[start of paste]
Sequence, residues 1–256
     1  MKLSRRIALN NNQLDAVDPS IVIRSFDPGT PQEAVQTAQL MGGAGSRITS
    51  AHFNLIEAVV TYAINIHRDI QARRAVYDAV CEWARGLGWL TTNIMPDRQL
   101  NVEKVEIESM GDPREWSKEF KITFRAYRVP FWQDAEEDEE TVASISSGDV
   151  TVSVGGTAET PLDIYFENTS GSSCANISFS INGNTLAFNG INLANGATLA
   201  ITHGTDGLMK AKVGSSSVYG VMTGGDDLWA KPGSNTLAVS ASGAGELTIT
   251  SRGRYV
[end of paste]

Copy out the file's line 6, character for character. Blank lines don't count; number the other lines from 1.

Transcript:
   201  ITHGTDGLMK AKVGSSSVYG VMTGGDDLWA KPGSNTLAVS ASGAGELTIT